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Is the Triple Bottom Line a Strategic Priority in U.S. Businesses?

“The fallacy of ‘trickle-down’ product sustainability: Translating strategic sustainability targets into product development efforts.” International Journal of Operations & Production Management (2021)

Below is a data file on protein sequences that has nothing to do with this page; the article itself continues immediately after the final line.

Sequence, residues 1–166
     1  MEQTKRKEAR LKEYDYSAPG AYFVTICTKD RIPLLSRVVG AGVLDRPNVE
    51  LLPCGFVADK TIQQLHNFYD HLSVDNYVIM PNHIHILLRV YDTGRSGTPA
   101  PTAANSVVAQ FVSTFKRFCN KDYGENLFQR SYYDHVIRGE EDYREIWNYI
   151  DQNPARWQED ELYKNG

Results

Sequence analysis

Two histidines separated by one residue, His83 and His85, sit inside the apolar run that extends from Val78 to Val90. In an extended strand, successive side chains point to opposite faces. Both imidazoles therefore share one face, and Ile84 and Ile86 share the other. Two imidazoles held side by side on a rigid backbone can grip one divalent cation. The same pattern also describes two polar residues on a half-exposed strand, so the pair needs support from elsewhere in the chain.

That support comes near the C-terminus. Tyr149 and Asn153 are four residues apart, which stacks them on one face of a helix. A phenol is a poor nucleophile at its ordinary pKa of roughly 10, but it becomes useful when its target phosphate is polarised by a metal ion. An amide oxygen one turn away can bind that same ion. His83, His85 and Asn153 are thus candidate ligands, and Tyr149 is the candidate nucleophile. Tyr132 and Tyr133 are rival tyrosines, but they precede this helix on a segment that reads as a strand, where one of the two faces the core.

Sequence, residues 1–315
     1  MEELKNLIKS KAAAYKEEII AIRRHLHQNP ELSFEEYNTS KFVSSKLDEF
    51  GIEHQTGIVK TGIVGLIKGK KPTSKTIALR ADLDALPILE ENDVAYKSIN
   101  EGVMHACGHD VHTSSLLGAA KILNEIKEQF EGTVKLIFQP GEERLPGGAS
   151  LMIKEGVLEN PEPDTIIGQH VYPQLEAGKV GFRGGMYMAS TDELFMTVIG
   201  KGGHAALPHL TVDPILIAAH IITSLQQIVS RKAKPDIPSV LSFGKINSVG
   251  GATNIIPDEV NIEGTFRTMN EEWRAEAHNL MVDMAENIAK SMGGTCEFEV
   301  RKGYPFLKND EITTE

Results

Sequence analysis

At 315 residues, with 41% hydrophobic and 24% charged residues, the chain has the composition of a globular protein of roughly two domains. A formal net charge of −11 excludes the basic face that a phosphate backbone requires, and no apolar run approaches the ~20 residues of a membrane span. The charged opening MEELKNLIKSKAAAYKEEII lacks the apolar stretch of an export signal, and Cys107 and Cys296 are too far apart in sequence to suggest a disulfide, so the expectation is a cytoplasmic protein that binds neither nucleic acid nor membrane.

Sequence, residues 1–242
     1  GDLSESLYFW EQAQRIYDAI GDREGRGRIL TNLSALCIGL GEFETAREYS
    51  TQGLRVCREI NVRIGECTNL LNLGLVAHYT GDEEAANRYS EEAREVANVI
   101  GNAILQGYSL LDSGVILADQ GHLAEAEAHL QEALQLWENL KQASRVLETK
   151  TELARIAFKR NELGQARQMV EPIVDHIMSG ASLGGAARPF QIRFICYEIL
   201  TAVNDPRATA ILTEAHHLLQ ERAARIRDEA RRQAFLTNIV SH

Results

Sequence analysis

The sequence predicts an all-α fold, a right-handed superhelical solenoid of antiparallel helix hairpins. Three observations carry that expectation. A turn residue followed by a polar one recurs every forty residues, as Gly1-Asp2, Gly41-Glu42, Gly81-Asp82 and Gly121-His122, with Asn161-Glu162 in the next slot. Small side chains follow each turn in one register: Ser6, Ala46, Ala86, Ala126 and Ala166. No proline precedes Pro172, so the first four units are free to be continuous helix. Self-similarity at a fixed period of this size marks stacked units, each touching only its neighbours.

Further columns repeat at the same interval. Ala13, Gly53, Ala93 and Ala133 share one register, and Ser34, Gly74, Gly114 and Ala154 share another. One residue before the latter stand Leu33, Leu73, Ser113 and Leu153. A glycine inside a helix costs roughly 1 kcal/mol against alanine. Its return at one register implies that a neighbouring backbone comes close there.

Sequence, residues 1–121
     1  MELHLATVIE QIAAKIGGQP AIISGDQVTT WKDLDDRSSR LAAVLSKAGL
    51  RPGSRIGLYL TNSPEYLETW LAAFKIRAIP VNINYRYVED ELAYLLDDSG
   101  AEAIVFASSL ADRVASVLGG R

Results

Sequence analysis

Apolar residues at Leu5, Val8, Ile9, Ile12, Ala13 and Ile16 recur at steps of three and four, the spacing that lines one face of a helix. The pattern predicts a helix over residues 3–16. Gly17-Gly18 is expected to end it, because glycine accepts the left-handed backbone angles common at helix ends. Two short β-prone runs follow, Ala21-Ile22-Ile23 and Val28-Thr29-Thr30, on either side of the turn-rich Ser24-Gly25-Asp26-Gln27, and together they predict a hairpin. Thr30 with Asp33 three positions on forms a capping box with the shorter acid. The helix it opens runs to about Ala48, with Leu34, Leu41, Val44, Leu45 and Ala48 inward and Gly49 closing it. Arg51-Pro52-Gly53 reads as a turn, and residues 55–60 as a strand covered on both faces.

Boler College supply chain professor Sebastian Brockhaus and his coauthors, Moritz Petersen of Kühne Logistics University in Germany, and A. Michael Knemeyer of Ohio State University tackle the question of what it means to be sustainable company.  What company characteristics actually make it sustainably sustainable?  They argue in their recent paper “The fallacy of ‘trickle-down’ product sustainability” that it requires imbuing company competitive advantage with sustainability thinking and - fundamentally - building sustainability into product development and company strategy.  Brockhaus and his co-researchers, develop a model for clarifying strategic integration of sustainability into a firm’s operations.  They then interview managers in industries ranging from Apparel to Consumer Electronics to determine how sustainability shapes their firms’ approaches to their business and markets.  For the majority of the sample firms, managers indicate while sustainability may be a source of differentiation for a product or product line, triple bottom line thinking has not permeated business strategy.  In fact, they classified less than 20% of their sample firms as having sufficiently institutionalized a sustainability ethos into their business models to be considered a scalable source of ongoing value creation.  Perhaps not surprisingly, this suggests sustainability remains a nascent source of strategic advantage at many firms; yet the research also provides a framework for evaluating progress toward greater integration of sustainability in product development and business strategy.

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